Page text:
Derivative Markets: An Introduction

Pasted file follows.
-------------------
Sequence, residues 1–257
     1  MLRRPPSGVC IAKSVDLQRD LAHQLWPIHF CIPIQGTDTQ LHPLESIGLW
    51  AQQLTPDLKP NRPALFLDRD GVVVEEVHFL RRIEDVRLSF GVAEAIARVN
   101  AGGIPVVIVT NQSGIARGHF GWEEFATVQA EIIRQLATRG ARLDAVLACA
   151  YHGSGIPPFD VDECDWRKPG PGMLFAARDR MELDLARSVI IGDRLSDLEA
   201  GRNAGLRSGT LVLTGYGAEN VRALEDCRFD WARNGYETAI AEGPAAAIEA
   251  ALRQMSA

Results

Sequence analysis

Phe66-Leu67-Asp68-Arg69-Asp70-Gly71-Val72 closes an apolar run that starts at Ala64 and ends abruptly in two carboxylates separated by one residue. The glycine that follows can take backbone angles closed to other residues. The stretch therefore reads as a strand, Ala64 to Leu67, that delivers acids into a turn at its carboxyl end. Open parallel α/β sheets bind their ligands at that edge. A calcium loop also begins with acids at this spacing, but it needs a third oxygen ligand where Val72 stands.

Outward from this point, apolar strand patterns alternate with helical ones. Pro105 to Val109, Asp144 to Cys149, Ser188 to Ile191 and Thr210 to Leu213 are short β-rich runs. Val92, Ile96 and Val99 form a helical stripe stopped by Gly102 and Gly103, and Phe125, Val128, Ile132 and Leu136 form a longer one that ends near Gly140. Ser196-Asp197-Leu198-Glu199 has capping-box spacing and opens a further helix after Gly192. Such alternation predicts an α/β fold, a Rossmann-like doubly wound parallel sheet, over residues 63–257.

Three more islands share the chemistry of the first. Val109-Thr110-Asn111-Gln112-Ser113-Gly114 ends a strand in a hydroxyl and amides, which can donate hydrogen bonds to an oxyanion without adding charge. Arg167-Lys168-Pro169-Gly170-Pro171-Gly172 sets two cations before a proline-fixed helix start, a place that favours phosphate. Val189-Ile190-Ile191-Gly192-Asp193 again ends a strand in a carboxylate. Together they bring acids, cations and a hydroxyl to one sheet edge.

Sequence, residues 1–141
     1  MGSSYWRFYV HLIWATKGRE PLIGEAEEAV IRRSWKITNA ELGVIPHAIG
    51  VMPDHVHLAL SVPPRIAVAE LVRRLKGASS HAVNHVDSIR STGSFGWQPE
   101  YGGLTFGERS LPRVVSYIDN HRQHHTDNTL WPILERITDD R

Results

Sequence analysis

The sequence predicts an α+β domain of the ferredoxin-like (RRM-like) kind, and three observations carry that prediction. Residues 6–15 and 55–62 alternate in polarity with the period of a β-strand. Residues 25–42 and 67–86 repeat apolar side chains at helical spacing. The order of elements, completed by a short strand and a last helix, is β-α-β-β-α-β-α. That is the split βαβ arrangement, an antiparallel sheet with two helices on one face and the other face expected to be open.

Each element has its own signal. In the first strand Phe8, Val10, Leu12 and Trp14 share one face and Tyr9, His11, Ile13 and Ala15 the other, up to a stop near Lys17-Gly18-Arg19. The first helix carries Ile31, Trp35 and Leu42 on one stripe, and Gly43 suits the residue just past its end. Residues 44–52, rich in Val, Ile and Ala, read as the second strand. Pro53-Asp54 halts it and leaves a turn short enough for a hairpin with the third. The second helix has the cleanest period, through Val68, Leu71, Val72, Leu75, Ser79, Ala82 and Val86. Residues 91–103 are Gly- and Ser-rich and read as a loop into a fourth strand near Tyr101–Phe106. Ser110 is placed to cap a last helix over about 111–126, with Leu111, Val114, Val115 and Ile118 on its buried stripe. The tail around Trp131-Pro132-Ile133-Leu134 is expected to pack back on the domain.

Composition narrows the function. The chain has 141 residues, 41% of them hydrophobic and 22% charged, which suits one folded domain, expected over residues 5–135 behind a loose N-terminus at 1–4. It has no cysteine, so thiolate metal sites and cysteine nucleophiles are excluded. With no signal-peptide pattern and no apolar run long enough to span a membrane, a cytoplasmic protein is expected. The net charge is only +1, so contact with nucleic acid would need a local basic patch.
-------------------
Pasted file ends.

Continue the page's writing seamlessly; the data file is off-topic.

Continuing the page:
Forwards, futures, swaps, options, hybrids (such as swaptions and options on futures) and a category “other” (credit derivatives, weather derivatives, etc) make up the derivative markets. The word is drawn from “derive” and means that the derivative instrument cannot exist on its own. It is closely related to “something” and this something is usually a spot (or “cash”) market instrument called the underlying instrument. A spot deal is a deal done now (T+0 days) for settlement now. “Now” means the earliest date dictated by market convention. For example, in the money market a Treasury bill sale transacted on T+0 can be settled today (T+0) or tomorrow (T+1). In the bond market deals are done on T+0 and usually settled on T+3. In spot deals and derivative deals the price is agreed on T+0, but settlement dates are different: spot deals are settled “now” and derivative in the future (eg. T+180). Derivatives are used for hedging, speculation and investment.


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